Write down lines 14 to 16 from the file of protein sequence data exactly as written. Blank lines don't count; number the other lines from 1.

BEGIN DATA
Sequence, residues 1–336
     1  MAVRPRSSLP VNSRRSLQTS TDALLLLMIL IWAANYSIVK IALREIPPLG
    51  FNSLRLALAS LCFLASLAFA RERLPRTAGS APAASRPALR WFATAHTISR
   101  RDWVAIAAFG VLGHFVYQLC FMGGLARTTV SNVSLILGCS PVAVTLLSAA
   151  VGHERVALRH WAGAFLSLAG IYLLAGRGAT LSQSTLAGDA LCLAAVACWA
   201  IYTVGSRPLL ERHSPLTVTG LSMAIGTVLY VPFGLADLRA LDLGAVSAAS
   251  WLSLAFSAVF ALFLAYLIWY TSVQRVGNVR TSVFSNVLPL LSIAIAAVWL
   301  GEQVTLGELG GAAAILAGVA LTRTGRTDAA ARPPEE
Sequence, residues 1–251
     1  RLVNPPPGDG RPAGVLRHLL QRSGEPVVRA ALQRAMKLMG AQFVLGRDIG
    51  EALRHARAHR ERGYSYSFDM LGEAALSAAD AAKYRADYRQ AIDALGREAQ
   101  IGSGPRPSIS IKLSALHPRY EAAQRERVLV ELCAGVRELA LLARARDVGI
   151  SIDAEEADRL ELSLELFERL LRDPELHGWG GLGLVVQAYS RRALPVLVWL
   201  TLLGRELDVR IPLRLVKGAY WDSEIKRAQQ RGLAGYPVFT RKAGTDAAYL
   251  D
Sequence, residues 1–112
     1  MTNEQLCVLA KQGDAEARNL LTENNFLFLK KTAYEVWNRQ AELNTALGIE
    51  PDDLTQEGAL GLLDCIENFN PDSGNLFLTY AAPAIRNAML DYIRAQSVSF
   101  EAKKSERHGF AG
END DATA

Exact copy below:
   201  TLLGRELDVR IPLRLVKGAY WDSEIKRAQQ RGLAGYPVFT RKAGTDAAYL
   251  D
Sequence, residues 1–112